Improving the Employee Experience


By Neal Glatt

If you’re struggling to attract or keep employees, it’s really coming down to just one question: What’s it like to work for you?  It can be hard to know for sure, which is why the best companies use anonymous surveys to find out.  But a survey is only as good as the questions it contains.  Here’s what you need to ask to improve the employee experience.

We first need to ask employees about their basic needs.  Do they know what’s expected of them (about 50% say they don’t) and do they have the materials and equipment to do their job correctly (2 in 5 say they don’t)?  It’s easy for employers to be dismissive of these questions because they believe they’ve been clear.  But the truth is far more nuanced.

Expectations on the job are about a lot more than what we’re doing on a job site.  For instance, there are cultural expectations about what to wear, when to arrive, and how to interact with one other.  There can be questions about breaks, paperwork, or end-of-the-day procedures.  Are these group activities done with everyone helping each other or done individually?  There isn’t a right or wrong answer, but there’s plenty of room for confusion around what’s expected of new employees.

The next set of questions is about individual contributions. These include questions about being able to bring your best every day, receiving care and recognition from superiors, and having encouragement from someone at work about developmental goals.  When employees don’t feel cared about for more than their contribution on the job, they are far less likely to be engaged at work.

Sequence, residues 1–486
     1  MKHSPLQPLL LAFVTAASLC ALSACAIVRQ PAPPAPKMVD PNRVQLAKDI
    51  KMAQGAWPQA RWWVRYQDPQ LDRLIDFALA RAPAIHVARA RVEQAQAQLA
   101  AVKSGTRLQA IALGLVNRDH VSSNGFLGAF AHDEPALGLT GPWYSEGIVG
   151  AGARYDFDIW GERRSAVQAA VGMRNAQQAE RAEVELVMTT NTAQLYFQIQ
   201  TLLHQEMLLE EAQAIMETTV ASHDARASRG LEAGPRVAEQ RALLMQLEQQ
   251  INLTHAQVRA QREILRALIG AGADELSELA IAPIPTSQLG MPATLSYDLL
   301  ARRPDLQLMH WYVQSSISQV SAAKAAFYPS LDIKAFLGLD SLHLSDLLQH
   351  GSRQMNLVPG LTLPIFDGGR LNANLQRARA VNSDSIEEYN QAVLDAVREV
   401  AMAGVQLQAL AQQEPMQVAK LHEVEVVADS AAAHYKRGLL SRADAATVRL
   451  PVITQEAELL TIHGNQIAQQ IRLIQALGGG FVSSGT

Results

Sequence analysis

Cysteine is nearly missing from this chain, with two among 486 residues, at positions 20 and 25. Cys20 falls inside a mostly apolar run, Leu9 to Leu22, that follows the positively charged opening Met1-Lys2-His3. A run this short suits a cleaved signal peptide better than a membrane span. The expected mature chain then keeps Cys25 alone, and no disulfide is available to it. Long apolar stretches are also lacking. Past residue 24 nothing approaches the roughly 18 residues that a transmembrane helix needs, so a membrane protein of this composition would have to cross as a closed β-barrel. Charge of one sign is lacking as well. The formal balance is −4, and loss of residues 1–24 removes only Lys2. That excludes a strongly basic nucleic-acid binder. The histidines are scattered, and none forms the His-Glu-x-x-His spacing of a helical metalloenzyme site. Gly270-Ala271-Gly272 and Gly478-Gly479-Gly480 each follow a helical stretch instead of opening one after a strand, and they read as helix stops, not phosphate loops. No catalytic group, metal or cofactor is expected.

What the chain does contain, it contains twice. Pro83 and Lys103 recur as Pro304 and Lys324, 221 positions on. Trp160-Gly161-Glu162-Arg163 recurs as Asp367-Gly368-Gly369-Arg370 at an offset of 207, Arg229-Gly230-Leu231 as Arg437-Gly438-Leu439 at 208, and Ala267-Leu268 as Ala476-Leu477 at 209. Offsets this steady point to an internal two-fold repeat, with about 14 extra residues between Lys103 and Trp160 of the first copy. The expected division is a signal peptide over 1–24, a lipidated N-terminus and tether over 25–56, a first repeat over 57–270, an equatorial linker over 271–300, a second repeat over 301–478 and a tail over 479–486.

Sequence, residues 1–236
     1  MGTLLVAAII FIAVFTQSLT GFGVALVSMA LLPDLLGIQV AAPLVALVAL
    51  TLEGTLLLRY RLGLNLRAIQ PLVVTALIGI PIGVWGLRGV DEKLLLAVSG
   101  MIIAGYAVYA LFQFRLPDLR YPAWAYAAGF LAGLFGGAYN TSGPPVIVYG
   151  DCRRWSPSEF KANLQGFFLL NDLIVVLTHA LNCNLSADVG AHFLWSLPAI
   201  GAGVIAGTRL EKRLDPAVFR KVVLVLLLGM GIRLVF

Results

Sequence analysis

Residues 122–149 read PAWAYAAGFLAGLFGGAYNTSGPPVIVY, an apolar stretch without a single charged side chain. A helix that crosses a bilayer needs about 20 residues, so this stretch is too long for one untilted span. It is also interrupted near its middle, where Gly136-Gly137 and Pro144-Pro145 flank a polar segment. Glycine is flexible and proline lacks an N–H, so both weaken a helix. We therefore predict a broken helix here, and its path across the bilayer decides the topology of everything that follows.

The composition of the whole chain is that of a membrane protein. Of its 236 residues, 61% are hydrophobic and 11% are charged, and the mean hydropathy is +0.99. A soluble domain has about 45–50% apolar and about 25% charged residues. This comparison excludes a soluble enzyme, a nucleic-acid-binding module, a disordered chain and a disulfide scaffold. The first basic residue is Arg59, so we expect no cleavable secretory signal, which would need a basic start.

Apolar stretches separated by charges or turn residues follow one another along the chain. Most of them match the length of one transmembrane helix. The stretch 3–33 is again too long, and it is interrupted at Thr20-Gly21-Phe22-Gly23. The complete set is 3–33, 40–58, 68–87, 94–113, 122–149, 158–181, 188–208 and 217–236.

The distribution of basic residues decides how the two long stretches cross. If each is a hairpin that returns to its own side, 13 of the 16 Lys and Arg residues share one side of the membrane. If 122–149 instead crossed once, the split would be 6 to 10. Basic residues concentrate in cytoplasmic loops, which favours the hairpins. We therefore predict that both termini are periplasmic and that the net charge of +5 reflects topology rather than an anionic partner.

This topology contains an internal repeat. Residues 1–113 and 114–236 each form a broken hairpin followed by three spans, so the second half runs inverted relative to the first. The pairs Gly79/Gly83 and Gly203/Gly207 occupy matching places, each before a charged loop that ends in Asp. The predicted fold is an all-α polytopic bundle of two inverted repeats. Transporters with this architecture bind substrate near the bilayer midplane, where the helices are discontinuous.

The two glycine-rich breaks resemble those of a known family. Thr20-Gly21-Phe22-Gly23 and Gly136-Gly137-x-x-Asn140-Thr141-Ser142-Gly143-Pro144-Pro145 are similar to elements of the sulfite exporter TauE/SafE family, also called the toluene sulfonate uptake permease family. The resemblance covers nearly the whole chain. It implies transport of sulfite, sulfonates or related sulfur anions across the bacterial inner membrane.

The third set of questions to ask has to do with the teamwork environment.  Are people feeling inspired by the company’s purpose, and are teammates committed to quality work?  Do my opinions seem to count, and do I have a best friend at work?  These are qualities of belonging, which is critical for commitment and bringing out the best in each team member.

Finally, we need to ask employees about their development.  Do they have opportunities to learn and grow, and have they made progress in the last six months?  If not, they’re likely to be less proactive than they have the potential for,  and more likely to leave the organization for one which will help with development.

If you want to know more about the questions that make the difference at work, or how to improve the employee experience, you can hear Neal Glatt at the LANDSCAPES 2021 show on Thursday, Oct 31 at 3:30pm or the GIE+EXPO on Wednesday, Oct 30 at 4:30pm.  Or, if you won’t be in Louisville, check out our Keeping Good Employees course on GrowTheBench.

Tags: Employees , Environment , Workplace ,